Welcome to the central hub of the Ephraim Historical Foundation! Located on the corner of Anderson Lane and Highway 42 at the north end of Ephraim, the Anderson Barn History Center is the home of the Anderson Barn History Museum, the Archival Resource Center (known as the ARC), and the Svalhus. Limited parking is available. See Map for directions.
Anderson Barn History Museum
Built in the 1880s, the Anderson Barn has served many functions: the Anderson’s family barn; the home for a riding stable in the 1950s; and now the Anderson Barn History Museum. The museum features changing exhibits that showcase the EHF collections, and the HandsOn Hayloft. The HandsOn Hayloft is fully interactive fun zone for children of all ages, a great way to engage children in history! Stop in at the Anderson Barn History Museum to learn more about the EHF and our programs and tours, and to purchase General Admission or Guided Tour tickets.
The EHF purchased the Anderson Barn in the late 1980s from Marion and Bert Allen, who generously reduced the price. It was restored and served as a both a museum and the EHF administrative offices until the creation of the ARC in 2009.
ARC (Archival Resource Center)
Built in 2009 as an addition to the Anderson Barn History Museum, the ARC serves as the central administrative office of the EHF. The addition is also equipped with climate-controlled storage, which enables the EHF to store safely a large portion of its archival and photographic collections. Please contact the curator if you have any questions about the EHF archives.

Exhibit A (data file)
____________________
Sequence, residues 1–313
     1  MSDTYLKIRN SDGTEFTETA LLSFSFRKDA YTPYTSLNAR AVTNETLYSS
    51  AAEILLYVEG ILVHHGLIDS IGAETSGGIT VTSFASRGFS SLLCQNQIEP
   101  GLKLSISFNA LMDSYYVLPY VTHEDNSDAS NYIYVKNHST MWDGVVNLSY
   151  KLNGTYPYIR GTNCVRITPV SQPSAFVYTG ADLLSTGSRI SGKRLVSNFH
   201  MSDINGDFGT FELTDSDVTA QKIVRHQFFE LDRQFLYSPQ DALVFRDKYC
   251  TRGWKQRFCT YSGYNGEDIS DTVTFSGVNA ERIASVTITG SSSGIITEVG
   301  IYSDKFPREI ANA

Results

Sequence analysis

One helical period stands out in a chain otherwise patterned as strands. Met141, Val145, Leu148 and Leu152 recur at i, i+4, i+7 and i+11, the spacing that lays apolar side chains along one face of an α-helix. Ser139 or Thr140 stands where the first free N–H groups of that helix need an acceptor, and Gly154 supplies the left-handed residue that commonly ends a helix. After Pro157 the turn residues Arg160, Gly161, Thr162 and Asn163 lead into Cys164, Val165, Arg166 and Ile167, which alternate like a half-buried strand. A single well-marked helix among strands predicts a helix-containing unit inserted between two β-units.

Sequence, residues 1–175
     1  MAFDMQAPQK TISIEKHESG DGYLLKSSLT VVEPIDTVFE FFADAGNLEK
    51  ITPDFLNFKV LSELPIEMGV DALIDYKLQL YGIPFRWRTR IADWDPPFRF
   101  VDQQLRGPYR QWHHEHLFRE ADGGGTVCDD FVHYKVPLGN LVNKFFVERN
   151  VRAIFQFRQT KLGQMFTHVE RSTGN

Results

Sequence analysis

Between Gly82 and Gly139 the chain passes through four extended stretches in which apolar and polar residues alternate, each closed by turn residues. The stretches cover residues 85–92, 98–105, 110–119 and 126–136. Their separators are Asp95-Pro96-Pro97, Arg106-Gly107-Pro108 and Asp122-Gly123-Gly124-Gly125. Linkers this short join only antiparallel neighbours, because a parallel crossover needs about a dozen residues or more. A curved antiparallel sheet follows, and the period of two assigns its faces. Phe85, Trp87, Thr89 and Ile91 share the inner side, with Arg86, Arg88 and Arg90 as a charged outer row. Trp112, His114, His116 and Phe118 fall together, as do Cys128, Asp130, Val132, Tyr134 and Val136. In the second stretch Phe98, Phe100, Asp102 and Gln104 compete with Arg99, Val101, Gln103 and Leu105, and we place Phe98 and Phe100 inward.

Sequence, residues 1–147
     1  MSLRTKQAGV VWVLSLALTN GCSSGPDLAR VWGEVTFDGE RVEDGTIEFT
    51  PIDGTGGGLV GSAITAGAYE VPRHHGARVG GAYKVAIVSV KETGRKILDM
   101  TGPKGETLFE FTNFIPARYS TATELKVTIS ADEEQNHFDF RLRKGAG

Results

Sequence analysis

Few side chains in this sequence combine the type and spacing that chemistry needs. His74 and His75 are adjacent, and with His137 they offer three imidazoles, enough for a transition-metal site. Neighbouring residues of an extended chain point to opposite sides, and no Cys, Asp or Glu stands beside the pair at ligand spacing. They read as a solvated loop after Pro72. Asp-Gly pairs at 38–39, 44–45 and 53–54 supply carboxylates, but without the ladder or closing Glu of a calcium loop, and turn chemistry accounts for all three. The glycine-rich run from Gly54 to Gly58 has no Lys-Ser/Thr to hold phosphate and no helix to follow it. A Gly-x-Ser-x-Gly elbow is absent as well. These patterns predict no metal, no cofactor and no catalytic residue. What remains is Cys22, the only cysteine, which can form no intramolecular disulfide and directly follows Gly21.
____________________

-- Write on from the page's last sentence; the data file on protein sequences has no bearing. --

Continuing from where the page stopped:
The ARC was designed by Laura Davis. Laura is the granddaughter of Warren Davis, a founding member of the EHF.
The word, Svalhus, roughly translates from Norwegian as “cooling house.” The buildings unique designs helps the building maintain a cooler interior temperature, which made it an ideal storehouse.
Like many of the historic buildings in Ephraim, the Svalhus has served many functions. It was built around 1890, and was owned by Peter Peterson, a prominent Ephraim businessman and good friend of the Anderson brothers. Later, the Svalhus served as a gift shop, and then a summer cottage for an Ephraim hotel.
In 1995 Nedd and Natalie Nedderson, the then-owners of Eagle Harbor Inn, donated the Svalhus to the EHF. The logs were carefully numbered and reassembled at the Anderson Barn History Center. The Svalhus served as meeting place for the EHF staff and board before becoming the offices for the Hardy Gallery of Art for a time. Currently, the EHF is working to convert the Svalhus into an archival library to allow more access to our collections. While this process is going on, the Svalhus is not open to the public.